Being Productive


Being Productive

With everything that’s going on right now I wanted to make the blog this week something that can apply to the situation. A lot of us are finding that we have a lot more free time for the next week or so all of a sudden. I’ve noticed two initial reactions to this being either “I’m stuck at home for 2 weeks! What am I going to do?”, or “This will be a great time to get stuff done around the house, and get stuff done I’ve been putting off.” Both totally normal reactions, and more than likely everyone will flip back and forth from one to the other several times. I want to help give some advice for how to make the most out of this mild “quarantine” we find ourselves in, but also things that can be great habits in ordinary daily life also.

The thought of being productive in a day is a great one, but the problem is there’s about 12 streaming services and 20 social media platforms that tend to get in the way. Combine those things with them feeling like the only interaction you can have with the outside world and the fact that humans are very easily distracted, and suddenly you find yourself in a group chat about the 3 seasons of the new show you just binged on Netflix.

The first thing you have to establish is what you’re going to consider “being productive” for the day. Perhaps you are totally off work, working from home, or it’s the weekend, so in all these cases, and from day to day, what constitutes productivity is different. Taking time the night before or in the morning while you’re sitting down with your coffee to plot out the tasks you want to accomplish for that day is hugely helpful. Also, you need to write them down. It says something about the human brain with how satisfying crossing something off a list is, and you should use that to your advantage.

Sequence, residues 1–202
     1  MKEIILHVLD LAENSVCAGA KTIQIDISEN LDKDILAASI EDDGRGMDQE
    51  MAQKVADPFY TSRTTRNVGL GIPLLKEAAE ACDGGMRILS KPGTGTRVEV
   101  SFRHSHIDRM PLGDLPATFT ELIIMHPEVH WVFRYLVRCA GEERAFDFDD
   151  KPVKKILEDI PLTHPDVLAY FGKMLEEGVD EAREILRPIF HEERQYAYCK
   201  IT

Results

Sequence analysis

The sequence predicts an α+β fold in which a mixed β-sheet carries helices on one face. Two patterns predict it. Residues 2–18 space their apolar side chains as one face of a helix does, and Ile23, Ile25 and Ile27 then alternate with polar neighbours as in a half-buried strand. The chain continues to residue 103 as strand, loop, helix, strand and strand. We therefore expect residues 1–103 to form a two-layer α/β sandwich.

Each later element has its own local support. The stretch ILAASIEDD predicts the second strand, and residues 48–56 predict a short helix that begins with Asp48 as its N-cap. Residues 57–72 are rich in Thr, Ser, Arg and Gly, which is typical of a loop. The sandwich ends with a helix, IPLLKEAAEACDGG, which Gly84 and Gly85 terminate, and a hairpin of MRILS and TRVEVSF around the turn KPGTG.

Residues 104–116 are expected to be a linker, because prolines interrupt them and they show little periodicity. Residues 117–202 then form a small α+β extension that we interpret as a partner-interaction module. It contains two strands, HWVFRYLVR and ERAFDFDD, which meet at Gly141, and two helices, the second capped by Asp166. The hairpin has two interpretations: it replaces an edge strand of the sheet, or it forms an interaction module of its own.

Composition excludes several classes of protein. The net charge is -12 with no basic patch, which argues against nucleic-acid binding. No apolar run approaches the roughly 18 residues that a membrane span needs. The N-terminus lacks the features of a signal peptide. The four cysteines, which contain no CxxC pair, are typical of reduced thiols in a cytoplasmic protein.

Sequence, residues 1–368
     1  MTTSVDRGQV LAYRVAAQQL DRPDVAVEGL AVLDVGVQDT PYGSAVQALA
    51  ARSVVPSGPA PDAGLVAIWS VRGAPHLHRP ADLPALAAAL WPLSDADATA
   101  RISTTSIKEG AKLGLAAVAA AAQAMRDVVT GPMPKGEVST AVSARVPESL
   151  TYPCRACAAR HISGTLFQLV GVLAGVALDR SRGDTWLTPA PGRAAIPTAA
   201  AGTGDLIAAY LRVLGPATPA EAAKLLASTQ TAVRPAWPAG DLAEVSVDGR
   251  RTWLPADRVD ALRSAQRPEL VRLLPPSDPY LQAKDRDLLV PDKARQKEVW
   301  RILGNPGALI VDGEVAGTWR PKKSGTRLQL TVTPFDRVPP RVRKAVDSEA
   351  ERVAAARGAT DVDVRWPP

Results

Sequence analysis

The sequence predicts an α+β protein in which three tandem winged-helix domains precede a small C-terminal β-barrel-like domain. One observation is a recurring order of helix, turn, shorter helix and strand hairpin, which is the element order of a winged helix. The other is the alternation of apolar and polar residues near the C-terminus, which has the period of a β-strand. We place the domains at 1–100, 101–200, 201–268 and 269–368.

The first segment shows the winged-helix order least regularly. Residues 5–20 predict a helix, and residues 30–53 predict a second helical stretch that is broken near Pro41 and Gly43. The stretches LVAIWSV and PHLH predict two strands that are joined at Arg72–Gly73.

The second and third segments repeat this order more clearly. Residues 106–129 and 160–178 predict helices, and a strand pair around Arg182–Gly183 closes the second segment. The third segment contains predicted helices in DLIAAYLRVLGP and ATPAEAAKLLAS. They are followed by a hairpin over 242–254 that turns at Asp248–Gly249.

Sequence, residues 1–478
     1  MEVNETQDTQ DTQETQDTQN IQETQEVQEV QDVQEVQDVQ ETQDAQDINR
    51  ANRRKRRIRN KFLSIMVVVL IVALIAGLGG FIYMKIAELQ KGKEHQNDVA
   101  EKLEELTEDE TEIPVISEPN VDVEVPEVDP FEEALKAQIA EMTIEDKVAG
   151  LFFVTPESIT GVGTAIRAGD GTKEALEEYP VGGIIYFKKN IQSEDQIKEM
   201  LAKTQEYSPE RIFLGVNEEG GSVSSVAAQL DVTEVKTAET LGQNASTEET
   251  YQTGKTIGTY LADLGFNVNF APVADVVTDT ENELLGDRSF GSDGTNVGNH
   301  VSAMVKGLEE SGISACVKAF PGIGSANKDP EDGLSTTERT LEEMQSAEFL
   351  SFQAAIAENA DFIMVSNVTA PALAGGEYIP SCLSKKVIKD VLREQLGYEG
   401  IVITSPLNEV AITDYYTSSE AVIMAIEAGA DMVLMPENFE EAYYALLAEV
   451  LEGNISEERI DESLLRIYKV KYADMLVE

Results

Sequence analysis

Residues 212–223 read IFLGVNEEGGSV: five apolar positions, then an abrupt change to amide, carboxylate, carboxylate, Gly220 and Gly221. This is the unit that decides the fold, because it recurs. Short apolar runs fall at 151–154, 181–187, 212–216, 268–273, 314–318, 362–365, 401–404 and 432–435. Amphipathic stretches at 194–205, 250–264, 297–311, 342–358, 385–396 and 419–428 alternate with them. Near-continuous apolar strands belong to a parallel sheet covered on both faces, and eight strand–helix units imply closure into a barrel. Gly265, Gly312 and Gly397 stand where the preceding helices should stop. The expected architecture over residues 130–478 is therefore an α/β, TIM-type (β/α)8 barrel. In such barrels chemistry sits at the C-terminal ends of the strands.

Now that you have a list simply start doing the stuff on it and don’t stop. It’s that last part, not stopping, that I can’t stress enough. It’s Newton’s first law of motion, “An object in motion will stay in motion and an object at rest will remain at rest; unless acted upon by an external source.” That may be physics, but I relate it to people constantly. For example; dishes aren’t hard to do, you can probably do them in 10 minutes even if you don’t have a dishwasher to put them in, but you will almost certainly sit on the couch for an hour before you finally get up and do them. Perhaps you’re working from home now and you have to get an online presentation ready for work. You can probably knock it out in an hour, but uh-oh, your phone just went off (external source). Now you’ve wasted the same hour of time scrolling through Instagram after you replied to a text for fifteen seconds.

Obviously it’s not realistic for me to say ignore the world for 5 hours straight, but you can for 45 minutes. So set a timer on your phone and put it in the other room while you get done what you wanted to. If you’re somebody that easily falls down a rabbit hole on your phone too, most devices have a way to limit your screen time on any given app. This will tell you when you’ve hit your limit for that day or time period, and can be your cue to go check off the next task on your list.

-Coach Tristan